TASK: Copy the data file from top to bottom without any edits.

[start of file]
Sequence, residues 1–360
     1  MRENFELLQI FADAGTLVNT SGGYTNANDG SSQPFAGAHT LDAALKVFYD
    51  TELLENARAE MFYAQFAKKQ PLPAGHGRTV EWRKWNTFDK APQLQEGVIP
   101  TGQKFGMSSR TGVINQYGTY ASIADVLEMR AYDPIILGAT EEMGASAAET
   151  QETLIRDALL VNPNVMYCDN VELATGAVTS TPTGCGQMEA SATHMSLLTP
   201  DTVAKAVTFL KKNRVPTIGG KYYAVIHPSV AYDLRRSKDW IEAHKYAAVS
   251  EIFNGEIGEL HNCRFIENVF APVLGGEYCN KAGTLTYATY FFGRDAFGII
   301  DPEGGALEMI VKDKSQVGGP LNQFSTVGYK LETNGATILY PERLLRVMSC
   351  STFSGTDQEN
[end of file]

Sequence, residues 1–360
     1  MRENFELLQI FADAGTLVNT SGGYTNANDG SSQPFAGAHT LDAALKVFYD
    51  TELLENARAE MFYAQFAKKQ PLPAGHGRTV EWRKWNTFDK APQLQEGVIP
   101  TGQKFGMSSR TGVINQYGTY ASIADVLEMR AYDPIILGAT EEMGASAAET
   151  QETLIRDALL VNPNVMYCDN VELATGAVTS TPTGCGQMEA SATHMSLLTP
   201  DTVAKAVTFL KKNRVPTIGG KYYAVIHPSV AYDLRRSKDW IEAHKYAAVS
   251  EIFNGEIGEL HNCRFIENVF APVLGGEYCN KAGTLTYATY FFGRDAFGII
   301  DPEGGALEMI VKDKSQVGGP LNQFSTVGYK LETNGATILY PERLLRVMSC
   351  STFSGTDQEN